Succulent plants, such as sedum and hens and chicks, seem to be maintaining continuing popularity, with good cause. Succulents are easy to grow, drought tolerant, and come in enough varieties and sizes to suit nearly every gardening taste. But did you know how easy it is to overwinter potted sedum and sempervivum, the botanical name for hens and chicks?
Last June I potted sedum and hens and chicks in matching cobalt blue ceramic pots.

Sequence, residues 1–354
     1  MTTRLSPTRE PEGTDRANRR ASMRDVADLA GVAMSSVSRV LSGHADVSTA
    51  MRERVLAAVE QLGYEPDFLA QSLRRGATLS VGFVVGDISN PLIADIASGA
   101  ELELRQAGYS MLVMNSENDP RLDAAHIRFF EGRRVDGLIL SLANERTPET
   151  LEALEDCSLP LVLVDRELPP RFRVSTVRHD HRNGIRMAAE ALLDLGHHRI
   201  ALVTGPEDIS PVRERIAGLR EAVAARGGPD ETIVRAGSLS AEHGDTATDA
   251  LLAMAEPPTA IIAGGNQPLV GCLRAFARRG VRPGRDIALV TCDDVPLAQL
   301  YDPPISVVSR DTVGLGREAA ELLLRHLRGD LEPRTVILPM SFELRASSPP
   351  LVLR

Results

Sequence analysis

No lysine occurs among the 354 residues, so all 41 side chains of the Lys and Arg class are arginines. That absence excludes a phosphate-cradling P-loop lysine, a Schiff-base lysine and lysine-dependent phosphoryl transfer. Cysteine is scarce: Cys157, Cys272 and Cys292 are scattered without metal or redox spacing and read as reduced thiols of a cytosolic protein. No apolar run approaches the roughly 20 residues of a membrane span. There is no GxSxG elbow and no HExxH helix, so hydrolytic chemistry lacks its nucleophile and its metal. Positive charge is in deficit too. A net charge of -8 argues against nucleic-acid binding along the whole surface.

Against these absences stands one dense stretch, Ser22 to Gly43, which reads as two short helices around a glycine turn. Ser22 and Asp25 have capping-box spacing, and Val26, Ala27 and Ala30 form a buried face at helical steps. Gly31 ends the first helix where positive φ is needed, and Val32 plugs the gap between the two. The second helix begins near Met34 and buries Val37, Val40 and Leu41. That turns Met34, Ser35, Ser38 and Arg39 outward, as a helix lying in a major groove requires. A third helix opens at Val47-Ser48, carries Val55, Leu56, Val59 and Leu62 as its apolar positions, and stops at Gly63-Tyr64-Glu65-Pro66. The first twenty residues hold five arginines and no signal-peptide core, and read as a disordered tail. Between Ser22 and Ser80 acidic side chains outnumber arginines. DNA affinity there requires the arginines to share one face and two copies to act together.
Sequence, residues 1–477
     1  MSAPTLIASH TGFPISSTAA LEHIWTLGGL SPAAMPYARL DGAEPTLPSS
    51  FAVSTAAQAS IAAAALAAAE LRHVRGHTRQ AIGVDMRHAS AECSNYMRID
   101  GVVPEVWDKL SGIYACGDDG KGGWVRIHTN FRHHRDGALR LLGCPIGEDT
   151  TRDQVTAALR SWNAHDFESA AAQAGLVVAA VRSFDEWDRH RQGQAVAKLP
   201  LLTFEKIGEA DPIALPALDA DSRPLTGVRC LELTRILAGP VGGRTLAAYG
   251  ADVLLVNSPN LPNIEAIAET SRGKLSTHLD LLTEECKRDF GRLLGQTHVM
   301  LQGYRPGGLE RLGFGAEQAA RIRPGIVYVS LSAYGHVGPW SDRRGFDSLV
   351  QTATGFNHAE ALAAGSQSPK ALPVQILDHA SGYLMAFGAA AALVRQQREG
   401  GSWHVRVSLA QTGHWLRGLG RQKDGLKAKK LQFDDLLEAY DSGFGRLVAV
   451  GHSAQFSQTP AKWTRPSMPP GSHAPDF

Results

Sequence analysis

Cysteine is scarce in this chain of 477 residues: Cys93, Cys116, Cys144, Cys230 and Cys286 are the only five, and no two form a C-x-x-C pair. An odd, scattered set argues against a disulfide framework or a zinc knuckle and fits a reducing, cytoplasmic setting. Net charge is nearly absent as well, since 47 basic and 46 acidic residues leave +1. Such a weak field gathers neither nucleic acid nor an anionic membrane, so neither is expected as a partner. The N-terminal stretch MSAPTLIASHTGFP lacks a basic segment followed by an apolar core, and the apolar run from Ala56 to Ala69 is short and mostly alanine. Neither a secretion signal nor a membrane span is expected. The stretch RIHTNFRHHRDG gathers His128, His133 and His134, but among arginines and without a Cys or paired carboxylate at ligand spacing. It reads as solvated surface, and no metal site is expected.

The combination was instantly wonderful and remained so until the end of the growing season in my zone 6 Connecticut garden. I did not want to lose the combination so, rather than transplant these succulents to a garden bed before storing the ceramic pots away for the winter, I stored the succulent-filled pots in the garage near a southwest-facing window. Through the cold winter months the pots only received minimal water when the soil felt good and dry. The plants stayed in a state of suspended animation during the coldest parts of winter – they held their color but did not grow. As the sun became stronger in late winter and early spring the succulents began to grow.